Good News | Culture | Leadership | Fun
We’ve all experienced (and contributed to) this dynamic: You are afraid to share what you’re really thinking and what’s really going on in your life with your spouse/friend/parent/church leader because you fear they will use this information against you. You’re afraid that sharing reality will result in being challenged, fixed, or judged, instead of being known, understood, and loved. This dynamic creates unhealthy cultures in marriages, friendships, churches, and workplaces–people never share what’s really going on because they’re afraid, and this stunts both intimacy and growth.
Fortunately, this unhealthy dynamic can be replaced with a healthy dynamic: grace. Grace is God’s undeserved love. When an individual embraces a grace-based identity (instead of a performance-based identity) and standing with God, he or she becomes capable of extending grace (undeserved love) to other people. This individual becomes secure, and safe. This individual now has the ability to truly listen to what another person is really thinking, to what is really going on, without attempting to immediately use that information against the person.
See, grace creates safety. Grace creates a culture of safety where people can face and talk about reality. And, lest any of you think I’m being soft on sin, change, or sanctification, the crazy truth is that this grace-soaked culture of safety is what finally results in people changing.
Think about it. Environments and relationships that approximate unconditional love are what resulted in true, deep change and healing in your own life. When you experienced grace and felt safe, you finally opened up. And then you finally began to get help where you most needed it.
Grace creates safety, which creates change.
How can you be such a person to others? How can you use your leadership to create such environments?
“‘I will place him in the safety for which he longs.'”-Psalm 12:5
My life is like yours: busy.
As a husband, dad to three wild boys, and pastor of a growing church in fast-paced Silicon Valley, I deal with the ever present temptation to not be fully present in the moment. The demands, stress, and surprises of each day tempt me to withhold my full presence and attention, to abandon focus.
This temptation is a lie. Abandoning focus and presence does not equate to a greater ability to handle everything that comes at you. Instead, failure to be fully present results in ineffective leadership, people not feeling cared for, and a loss of personal joy.
Many of us feel ever-present low grade stress and lack joy in large part because we’re rarely fully present. We try to be three places at once and do four things at once. This is dumb. I don’t want to live this way. We are not designed to live this way.
Obviously the first step in solving this problem is to refocus: to reassess the priorities we want to give our time and energy to. I take extended time both annually and quarterly to reassess my chief priorities and goals. Another critical and often over-looked need is to commit to being fully present with/fully focused upon the person or task we’re currently engaged with.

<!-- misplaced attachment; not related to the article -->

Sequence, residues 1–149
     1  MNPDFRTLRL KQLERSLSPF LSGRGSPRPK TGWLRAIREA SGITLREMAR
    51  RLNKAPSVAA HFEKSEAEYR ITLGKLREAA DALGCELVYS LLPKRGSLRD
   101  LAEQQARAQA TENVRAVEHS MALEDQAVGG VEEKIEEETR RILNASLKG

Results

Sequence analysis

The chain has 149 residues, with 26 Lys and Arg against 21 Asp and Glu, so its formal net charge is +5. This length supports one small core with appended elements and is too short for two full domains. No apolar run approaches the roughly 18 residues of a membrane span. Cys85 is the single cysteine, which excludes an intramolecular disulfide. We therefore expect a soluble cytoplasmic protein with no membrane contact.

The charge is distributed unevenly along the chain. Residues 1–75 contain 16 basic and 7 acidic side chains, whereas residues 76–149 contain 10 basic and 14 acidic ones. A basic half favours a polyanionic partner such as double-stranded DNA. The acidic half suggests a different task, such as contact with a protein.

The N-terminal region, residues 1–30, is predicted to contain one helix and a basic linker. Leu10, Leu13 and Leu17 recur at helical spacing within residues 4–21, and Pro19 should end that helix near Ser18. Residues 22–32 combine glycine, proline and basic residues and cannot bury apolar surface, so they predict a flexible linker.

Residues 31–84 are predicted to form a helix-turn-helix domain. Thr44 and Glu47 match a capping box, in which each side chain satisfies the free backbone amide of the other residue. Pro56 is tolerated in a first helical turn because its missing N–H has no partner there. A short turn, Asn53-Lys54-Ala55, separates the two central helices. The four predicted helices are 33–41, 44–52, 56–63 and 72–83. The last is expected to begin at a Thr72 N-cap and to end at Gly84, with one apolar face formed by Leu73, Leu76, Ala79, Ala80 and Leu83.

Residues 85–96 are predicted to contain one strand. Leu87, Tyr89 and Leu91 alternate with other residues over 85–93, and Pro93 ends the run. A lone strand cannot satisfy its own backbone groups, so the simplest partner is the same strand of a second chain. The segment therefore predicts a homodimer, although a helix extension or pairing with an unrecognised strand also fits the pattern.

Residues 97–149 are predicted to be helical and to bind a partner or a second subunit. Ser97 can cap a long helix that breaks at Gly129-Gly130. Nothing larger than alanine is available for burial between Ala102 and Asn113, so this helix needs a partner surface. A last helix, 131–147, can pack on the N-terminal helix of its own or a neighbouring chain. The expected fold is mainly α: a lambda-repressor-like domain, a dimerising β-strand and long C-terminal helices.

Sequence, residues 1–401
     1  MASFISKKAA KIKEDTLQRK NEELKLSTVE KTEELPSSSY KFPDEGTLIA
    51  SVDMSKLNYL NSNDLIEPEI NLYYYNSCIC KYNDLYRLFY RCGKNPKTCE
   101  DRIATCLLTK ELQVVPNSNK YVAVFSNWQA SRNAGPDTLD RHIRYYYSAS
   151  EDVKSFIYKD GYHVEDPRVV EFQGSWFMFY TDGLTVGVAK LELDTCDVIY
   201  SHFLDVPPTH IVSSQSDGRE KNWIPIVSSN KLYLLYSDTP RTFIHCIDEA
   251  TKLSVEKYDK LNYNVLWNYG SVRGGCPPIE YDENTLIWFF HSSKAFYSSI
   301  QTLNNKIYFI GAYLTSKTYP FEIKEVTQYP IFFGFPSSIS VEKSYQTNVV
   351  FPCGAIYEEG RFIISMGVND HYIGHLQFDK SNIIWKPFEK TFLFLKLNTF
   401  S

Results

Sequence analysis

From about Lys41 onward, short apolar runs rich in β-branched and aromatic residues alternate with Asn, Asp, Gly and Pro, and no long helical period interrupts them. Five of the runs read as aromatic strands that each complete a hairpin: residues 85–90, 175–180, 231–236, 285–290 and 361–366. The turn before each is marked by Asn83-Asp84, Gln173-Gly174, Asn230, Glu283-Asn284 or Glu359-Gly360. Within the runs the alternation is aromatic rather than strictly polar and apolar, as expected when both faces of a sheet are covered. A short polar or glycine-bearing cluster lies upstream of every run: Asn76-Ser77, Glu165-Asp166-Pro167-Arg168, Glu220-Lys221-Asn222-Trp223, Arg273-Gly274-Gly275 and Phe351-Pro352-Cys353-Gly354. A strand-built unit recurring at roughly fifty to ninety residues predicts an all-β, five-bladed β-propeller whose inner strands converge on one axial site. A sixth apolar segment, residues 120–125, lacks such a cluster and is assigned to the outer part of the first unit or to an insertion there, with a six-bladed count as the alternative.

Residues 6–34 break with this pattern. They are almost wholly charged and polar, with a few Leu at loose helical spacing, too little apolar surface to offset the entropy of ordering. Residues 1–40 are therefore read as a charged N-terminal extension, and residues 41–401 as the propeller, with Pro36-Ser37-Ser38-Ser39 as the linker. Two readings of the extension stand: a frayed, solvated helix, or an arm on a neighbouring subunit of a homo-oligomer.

The happiest, most loving, and most effective leaders learn to be fully present. You can learn this to. Instead of each day feeling like an endless, grueling marathon, each day can feel like a series of varied, interesting, and challenging sprints where your focus and full presence shifts throughout the day to the project or person of the moment.
Here’s one example of how I practice being present: My days are often packed with meetings and projects. It’s common for me to leave behind an unfinished task, rush into a meeting at a coffee shop, and to have the person I’m meeting say to me, “You seem really busy. You have a lot going on.” My standard reply is to say, “Yes, I’m very busy. But for the next forty minutes you have my complete attention and focus. I’m here to listen and to help you in any way I can. Tell me, what’s going on?” The person then notices my full eye contact and attention, and begins to talk. I determine to be nowhere else but present in that coffee job, enjoying this unique moment in time that I will never get back. And, then, when the meeting is over, I turn my attention to my next project or meeting feeling refreshed and recharged, eager to give my full energy to what’s next.
The ambitious missionary, Jim Elliot, said it best: “Wherever you are, be all there! Live to the hilt every situation you believe to be the will of God.”
You can do this. You were created to live and lead with full presence. Where are you? Wherever you are, be all there!
As I read the Gospels it seems that there are two secrets to the effectiveness of Jesus’ ministry that are often overlooked or forgotten:
1. Jesus spent a lot of time enjoying long meals and attending fun parties with people.
Maybe you should enjoy longer meals with friends and attend (or throw) more parties?
2. Jesus spent a lot of time going on long walks and wild adventures with his disciples.
Maybe your discipleship process ought to involve more long walks and unpredictable adventures?
I’ve been using Twitter for a few years. I like Twitter. This is a description of how I use it. Perhaps this will be helpful to you.
1. Follow people/accounts you can learn from.
Follow people who teach you, inspire you, challenge you, or encourage you. Some people follow hundreds or thousands of people on Twitter. I don’t. I never follow more than about 50 people because I want to try to keep up with a lot of what these people are saying. I often change some of the accounts I’m following in search of learning from new voices.
2. Tweet about two things: 1) Content you think will help other people 2) Whatever you’re excited about.
That’s it. That’s what I do.
Garden City Church is now 2.5 years old! Yesterday we celebrated Easter together as a church family. Here are a few photos and stories from the day.
Yesterday was our biggest Sunday yet at Garden City as people packed into both our 4pm and 5:30pm services to hear the good news of Jesus.